Everyone thought last year, El Niño, was going to be the year California received a ton of rain and saved us from the drought, but that clearly was not the case. This year has brought us the most rain we have seen in years and all we can do is hope it keeps coming. This weather sure is whacky, as we wrote about in our previous blog, but we do love to see snow and rain. With that being said, this drought will continue for some time to come and we must always make sure we are conserving water and being water efficient.

El Niño Won’t Solve the Drought – Saving Water Will

El Niño is upon us! Can’t you tell by the 3 extra days it rained this year?
El Niño? More like El Busto!

We’re in a drought. So it’s time all of us Southern Californians sucked it up and faced it: El Niño won’t solve the drought – saving water will. El Niño is a weather phenomenon which is caused by a warming of waters in the Pacific Ocean and causes massive rain showers across the west coast of North and South America. While rain and snowstorms did increase this year in California, it was nowhere near the realm of massive and it would have needed to rain 2.5-3 times as much to even begin ending the drought. Aquifers and rivers remain dry as farmers and residents continue to cope with various methods of saving water, and as Julian Emile-Geay, a paleoclimatologist at USC, said, El Niño was merely a “band-aid on a gaping wound.”

Now we must all face the facts and limit consumption if we ever want our children and grandchildren to see green grass again in California. Some call for desalination and various ways to recycle water, but money doesn’t grow on trees, people. And others are pointing fingers at farmers because about 40 percent of water consumption in California is used for agriculture. But for crying out loud: they’re farmers, what do you want them to do quit their jobs and stop feeding us? It’s time we all get the facts through our sun tanned faces and bleach-blonde hair – El Niño isn’t going to save the drought. El Niño may have brought us a few good waves over the year, but the less-than-spectacular rainfall means we’re going to have to suck it up and save. We have the best weather of any place in the country; I think we should all be able to be appreciative and give up some water here and there.

El What??? El Niño!

El Niño! It’s no surprise that we’re in a drought; however, many people are unaware of the upcoming event named El Niño. You may have heard of this phenomenon in movies like “Chasing Mavericks” because El Niño is known to cause massive waves, but El Niño is also likely to bring in a wave of much needed rain to the Southwest.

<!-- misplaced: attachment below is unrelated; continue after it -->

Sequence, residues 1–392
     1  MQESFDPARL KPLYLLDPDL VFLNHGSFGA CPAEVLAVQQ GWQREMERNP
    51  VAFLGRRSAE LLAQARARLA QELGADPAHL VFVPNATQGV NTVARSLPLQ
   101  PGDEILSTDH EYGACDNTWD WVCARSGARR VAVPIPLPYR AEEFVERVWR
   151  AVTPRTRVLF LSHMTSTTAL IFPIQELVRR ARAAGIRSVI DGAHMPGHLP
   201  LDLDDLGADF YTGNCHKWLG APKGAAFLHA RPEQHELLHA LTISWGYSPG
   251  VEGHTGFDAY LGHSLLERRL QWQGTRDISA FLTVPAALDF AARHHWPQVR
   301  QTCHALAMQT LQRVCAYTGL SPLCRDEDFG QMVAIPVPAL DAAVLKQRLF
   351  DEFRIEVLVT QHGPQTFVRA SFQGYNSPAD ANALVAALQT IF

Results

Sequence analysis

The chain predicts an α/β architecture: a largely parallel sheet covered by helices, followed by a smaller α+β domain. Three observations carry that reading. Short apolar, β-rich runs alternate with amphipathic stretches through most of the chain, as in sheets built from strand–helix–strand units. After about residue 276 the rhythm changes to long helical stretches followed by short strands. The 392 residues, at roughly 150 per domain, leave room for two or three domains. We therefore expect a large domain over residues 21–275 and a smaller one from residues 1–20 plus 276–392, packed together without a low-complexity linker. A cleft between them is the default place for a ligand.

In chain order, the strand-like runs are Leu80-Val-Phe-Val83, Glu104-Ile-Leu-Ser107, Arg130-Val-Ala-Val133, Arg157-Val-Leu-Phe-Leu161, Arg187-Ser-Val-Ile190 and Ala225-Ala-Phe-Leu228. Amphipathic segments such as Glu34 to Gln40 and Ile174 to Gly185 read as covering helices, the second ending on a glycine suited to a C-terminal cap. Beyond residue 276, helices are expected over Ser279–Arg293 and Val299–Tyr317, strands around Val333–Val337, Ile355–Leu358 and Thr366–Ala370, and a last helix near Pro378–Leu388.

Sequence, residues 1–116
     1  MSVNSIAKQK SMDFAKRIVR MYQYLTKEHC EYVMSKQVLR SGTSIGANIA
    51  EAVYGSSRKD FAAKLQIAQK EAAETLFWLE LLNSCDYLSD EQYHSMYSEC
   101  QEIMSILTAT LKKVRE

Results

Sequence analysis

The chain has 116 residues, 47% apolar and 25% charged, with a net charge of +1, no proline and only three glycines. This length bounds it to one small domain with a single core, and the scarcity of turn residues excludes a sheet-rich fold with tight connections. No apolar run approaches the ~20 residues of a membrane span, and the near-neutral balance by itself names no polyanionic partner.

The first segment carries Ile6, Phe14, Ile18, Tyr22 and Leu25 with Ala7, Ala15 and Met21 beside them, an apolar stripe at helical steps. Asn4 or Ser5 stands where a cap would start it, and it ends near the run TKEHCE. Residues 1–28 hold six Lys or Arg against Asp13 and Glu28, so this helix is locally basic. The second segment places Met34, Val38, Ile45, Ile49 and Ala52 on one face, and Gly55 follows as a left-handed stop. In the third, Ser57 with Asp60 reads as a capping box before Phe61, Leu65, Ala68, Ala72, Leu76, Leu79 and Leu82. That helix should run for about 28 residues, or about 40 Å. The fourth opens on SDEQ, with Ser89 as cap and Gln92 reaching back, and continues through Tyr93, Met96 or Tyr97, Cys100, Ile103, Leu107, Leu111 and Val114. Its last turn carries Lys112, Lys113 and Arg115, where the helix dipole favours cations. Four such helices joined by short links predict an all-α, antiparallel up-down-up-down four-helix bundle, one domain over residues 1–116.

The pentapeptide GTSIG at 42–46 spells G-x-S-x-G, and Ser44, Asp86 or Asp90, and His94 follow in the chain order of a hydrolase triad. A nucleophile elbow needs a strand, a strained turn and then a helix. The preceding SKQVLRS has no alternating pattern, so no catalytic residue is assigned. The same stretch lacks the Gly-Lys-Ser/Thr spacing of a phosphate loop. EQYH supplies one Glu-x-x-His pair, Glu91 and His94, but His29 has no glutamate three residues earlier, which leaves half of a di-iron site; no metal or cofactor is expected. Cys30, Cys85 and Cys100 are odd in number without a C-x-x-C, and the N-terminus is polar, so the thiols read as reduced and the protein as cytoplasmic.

What causes El Niño?

El Niño is a weather phenomenon that is caused by the warming of tropical waters off the coasts of South America. This rarity occurs every 2-7 years as the trade winds weaken and even reverse causing warm water to flow eastward rather than the typical westward direction. This flow of warm water is very minimal and causes a temperature rise of only about 1 degree Fahrenheit along the equator, but the impacts of this temperature change are significant. The warmer water expands and causes sea level to rise anywhere from 6 to 13 inches, the colder water is unable to rise to the surface and wreaks havoc for fishing crops on the eastern coast of South America which rely on cold water, the jet stream drops further south due to low pressure and stronger storms causing larger waves right here in Southern California, and finally rainfall increases dramatically along the west coast of North and South America. In summary, El Niño is beneficial to us through the increase in rainfall and sizes of waves, but damaging to South America, as they are struck with severe storms, and Asia, as they suffer from harsh droughts.

So no more drought?

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Yes and no. El Niño means that we will likely be receiving a larger amount of rainfall, but this in no way means the drought is over. El Niño’s impact on rainfall is largely oscillatory meaning that it is never the same. Climatologists predict the upcoming El Niño will result in an increase in rainfall, but in truth they have little to no idea. This means that we could have anywhere from one to ten extra inches of rainfall which sounds nice but is not that beneficial in the long run. Thus, regardless of the upcoming El Niño’s effects, we will remain in a drought for years to come and the only way to solve this is through cutbacks on consumption. No single person can solve this drought – instead we have to work together and minimize water waste as a whole. I don’t know about you, but we here at Sunset sure are excited about the upcoming El Niño, but by no means does this mean that we are going home and taking 30 minute showers while we leave the sink running. During a drought every drop counts.